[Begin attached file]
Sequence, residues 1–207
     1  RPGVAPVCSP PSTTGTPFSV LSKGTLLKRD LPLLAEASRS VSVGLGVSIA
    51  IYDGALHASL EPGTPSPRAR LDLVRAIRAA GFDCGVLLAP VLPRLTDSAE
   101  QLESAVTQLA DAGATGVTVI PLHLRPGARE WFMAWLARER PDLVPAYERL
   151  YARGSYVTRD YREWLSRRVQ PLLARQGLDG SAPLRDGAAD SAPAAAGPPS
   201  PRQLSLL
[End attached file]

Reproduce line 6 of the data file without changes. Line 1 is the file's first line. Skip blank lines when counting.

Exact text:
   201  PRQLSLL